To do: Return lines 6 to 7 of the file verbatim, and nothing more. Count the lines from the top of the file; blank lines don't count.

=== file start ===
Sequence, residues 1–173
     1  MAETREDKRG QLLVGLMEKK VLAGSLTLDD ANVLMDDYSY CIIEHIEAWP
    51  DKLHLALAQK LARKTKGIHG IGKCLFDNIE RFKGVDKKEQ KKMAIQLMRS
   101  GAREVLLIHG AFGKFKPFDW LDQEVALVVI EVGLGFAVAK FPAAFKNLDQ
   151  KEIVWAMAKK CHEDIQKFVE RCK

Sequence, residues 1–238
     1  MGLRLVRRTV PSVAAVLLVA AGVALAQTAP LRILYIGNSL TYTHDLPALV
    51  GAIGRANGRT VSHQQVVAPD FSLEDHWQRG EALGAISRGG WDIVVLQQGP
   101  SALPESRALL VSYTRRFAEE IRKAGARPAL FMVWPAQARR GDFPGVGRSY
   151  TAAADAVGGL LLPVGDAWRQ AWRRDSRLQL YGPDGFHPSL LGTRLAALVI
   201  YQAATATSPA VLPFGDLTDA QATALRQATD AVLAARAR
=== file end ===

Sequence, residues 1–238
     1  MGLRLVRRTV PSVAAVLLVA AGVALAQTAP LRILYIGNSL TYTHDLPALV